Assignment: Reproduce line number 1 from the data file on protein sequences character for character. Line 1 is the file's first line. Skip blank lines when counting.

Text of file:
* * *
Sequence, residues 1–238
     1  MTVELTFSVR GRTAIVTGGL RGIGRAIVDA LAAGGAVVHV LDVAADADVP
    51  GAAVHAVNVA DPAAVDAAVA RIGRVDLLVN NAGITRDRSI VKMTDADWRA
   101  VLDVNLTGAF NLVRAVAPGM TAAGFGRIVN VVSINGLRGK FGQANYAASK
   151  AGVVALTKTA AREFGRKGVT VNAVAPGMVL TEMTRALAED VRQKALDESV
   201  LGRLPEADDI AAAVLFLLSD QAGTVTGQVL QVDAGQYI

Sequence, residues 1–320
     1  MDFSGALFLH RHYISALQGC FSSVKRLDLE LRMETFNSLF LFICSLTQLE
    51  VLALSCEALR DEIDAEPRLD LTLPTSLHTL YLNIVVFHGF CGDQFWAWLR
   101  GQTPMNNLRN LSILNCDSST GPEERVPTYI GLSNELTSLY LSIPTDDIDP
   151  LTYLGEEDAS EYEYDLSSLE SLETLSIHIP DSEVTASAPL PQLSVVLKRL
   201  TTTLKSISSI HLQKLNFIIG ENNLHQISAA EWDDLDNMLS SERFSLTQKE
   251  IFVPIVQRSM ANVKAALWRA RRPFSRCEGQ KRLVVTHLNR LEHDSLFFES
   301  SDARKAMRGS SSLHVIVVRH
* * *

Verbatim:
Sequence, residues 1–238